Barbados is widely credited as the birthplace of rum. The first commercial sugar cane crop was planted in in Barbados 1640, but settlers had already been harvesting small crops to create a popular local beverage called 'Kill-Devil' an early ancestor of the modern-day spirit. Crude distillation methods resulted in a poor-quality product described as '...a hot, hellish, and terrible liquor', yet its popularity grew.
Over the next century, distillation practices significantly improved and Barbadian rum became renowned in both Europe and Colonial America. Alcohol played a large role in 17th and 18th century life; it was drunk during social occasions, used medicinally and served as a valuable trading commodity.
The first settlers arrived in Barbados in February 1627; within 10 years over 6,000 English settlers had arrived. Initial landholdings were primarily used for tobacco and cotton; between 1631 and 1637, an additional 37,770 acres of land were handed out. America had a stronghold on the tobacco market, so planters were desperately searching for another prosperous crop.
When Dutch Jews immigrated to the island from Suriname, they brought with them the equipment, expertise and trade routes to establish a sugar industry, as well as the financing necessary to sustain the island's fledgling economy until the first sugar crop was ready for harvest.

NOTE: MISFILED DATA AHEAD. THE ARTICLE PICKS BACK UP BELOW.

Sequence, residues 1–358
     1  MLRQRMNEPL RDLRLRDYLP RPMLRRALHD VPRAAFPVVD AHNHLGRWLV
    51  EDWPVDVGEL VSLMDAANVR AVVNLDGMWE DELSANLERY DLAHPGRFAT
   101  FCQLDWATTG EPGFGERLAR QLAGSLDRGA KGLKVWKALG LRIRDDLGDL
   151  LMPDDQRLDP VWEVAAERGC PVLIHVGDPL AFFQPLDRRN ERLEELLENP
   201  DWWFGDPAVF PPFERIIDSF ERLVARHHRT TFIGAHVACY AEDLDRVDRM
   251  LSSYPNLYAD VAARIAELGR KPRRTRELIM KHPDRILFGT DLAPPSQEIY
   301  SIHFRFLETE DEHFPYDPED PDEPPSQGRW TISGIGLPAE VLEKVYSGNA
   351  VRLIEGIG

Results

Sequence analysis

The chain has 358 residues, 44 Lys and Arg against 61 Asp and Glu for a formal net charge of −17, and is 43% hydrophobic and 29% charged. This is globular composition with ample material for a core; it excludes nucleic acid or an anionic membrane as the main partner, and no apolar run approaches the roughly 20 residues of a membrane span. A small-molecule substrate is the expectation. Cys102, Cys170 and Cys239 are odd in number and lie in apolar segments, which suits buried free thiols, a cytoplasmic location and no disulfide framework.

Benjamin Berringer and John Yeamans, collectively owning over 360 acres of land in the island's highlands, enjoyed early success as planters. They burned the brushland to create arable fields; while some land would have been retained for provisional crops, the majority of land on the plantations would have been dedicated to sugar cane.
For several decades, Barbados enjoyed an economic boon; however natural disasters, political unrest, stringent English rule and an increased world supply of tropical products led to declining profits from 1661. It was during this time that John Yeamans and other Barbadians migrated to American Colony known as Carolina in search of greater and more secured prosperity.
Those who remained in Barbados struggled through years of fire, periods of drought and excessive rain, as well as a smallpox epidemic that drastically affected the island's slave population. The depression stretched into the 1700s; to survive, Barbadians participated in both legal and illegal activities to supplement their income. Through struggle and strife the islanders persisted; a survey taken between 1717 and 1721 listed 870 estates and 320 windmills used for sugar production. It is this survey that documents that St. Nicholas Abbey, then known as Dottin Plantation, had adopted windmill-driven production by this time.